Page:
In the interim, we can start to deconstruct the development process with the small bits of information available. From Maker Faire, we do know that the TRAKR contains an ARM9 processor, and is programmed in C. And while the code editor isn’t yet online, we can follow the “Download Source” link for an app to retrieve its source code. Here’s an excerpt from one of the demonstration programs:
Indeed it’s C, with just a light wrapping of functions (e.g. Start() and Run() instead of a main() function). There’s clearly a Spy Video TRAKR-specific API (svt.h) for accessing hardware functionality like the TRAKR’s motors or the controller’s buttons and display, but documentation for this library isn’t available online yet.
At this point, we’re still dealing entirely with standard, as-advertised, out-of-the-box capabilities. The thing about the TRAKR that really made us stop and take notice at Maker Faire, the thing that has us genuinely enthusiastic about the product even though this article probably sounds like a total corporate shill by now (we approached them first, honest), has everything to do with the toy’s Easter egg:
It’s a sublime detail: the clear letters on the otherwise frosted cover just above the rear ports hint at intriguing stuff within. The cover is held on with just a couple of ordinary Phillips screws. Say, were you the sort of curious kid who’d dismantle their toys to see what makes them work? We thought so.
On the outside: the URL for the consumer. On the inside: the URL for the inquisitive. Just a fraction of an inch and a thin sheet of plastic apart. It’s absolutely brilliant, and there’s no mention of this on the packaging or the standard web site.
So — in addition to the standard app web site, a second web site (and sadly an equally unfinished one at this time) is planned to delve even deeper into the system’s inner workings. But even without this information, we can see hints of what’s ahead just by examining the board, which they’ve thoughtfully labeled. We can make out an unpopulated third USB port, an unpopulated switch connector, a breakout header that appears to have eight GPIO lines and one analog input, and a smaller breakout header for an SPI port of some sort (perhaps debugging).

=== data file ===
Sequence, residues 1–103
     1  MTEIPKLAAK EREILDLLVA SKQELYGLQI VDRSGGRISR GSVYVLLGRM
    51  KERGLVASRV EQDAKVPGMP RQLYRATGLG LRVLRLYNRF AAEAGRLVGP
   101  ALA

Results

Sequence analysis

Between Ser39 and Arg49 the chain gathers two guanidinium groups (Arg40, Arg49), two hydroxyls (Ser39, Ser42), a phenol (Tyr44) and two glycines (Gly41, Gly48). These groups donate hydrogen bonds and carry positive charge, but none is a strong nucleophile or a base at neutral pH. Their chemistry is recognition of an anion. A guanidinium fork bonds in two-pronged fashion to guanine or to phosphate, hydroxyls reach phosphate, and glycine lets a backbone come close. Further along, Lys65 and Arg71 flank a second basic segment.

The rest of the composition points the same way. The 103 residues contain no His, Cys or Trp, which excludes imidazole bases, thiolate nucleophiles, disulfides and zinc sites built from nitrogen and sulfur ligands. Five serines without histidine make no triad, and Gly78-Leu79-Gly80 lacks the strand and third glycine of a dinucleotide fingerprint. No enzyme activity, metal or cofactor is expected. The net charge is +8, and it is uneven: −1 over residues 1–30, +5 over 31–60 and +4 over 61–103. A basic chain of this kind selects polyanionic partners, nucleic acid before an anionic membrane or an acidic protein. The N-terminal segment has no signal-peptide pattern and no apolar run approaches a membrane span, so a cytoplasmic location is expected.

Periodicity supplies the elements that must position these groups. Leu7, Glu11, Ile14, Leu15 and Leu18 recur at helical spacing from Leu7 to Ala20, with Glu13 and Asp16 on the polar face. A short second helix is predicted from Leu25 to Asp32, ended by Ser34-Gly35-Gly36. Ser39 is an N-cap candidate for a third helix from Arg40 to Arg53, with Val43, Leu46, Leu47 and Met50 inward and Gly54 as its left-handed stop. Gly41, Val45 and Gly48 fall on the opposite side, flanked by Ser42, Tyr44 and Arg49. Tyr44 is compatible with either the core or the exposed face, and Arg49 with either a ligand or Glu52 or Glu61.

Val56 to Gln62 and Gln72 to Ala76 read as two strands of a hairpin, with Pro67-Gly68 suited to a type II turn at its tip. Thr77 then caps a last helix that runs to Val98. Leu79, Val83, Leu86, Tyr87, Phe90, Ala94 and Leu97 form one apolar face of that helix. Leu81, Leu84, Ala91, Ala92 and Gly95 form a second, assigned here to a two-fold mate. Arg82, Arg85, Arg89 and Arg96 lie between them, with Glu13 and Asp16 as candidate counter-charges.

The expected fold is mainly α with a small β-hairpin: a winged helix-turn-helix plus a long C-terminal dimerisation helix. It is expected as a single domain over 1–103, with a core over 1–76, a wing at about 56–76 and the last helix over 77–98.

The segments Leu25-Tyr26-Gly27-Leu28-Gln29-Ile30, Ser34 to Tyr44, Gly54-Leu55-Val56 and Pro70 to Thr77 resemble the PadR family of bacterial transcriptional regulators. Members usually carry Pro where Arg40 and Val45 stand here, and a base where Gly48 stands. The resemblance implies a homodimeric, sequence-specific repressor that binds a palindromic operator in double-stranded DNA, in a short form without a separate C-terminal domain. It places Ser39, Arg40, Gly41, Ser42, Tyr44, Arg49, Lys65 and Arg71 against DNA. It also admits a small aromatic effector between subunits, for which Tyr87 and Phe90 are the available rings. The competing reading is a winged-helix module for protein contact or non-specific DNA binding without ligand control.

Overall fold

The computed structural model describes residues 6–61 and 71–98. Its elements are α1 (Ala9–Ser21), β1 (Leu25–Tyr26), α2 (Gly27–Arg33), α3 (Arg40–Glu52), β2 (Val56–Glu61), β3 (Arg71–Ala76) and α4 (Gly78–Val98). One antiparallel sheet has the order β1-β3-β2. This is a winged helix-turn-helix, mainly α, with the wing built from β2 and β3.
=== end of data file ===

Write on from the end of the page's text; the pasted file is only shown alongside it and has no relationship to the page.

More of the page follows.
Additionally, both the TRAKR and the remote control have switches and ports concealed under access panels:
The trim pots on the TRAKR are almost certainly for tuning the radio transceiver. The switches on both units are labeled “USB” for one position and “SPI” for the other, and this appears to be related to debugging or flash memory programming. Both switches ship in the “SPI” position.
It’s encouraging to see the Spy Video TRAKR following the lead of other open robots like the Roomba and Rovi, and we hope to see it gain a similar following. There may still be more surprises within. With our basic review completed, watch Hack a Day for a full teardown in the future.
So, readers, what hacks can you envision for such a device? Telescoping camera stalk? Hexapod legs? Weaponry? Are there any particular features you’d like to see more closely investigated in our teardown? Let’s hear about it in the comments!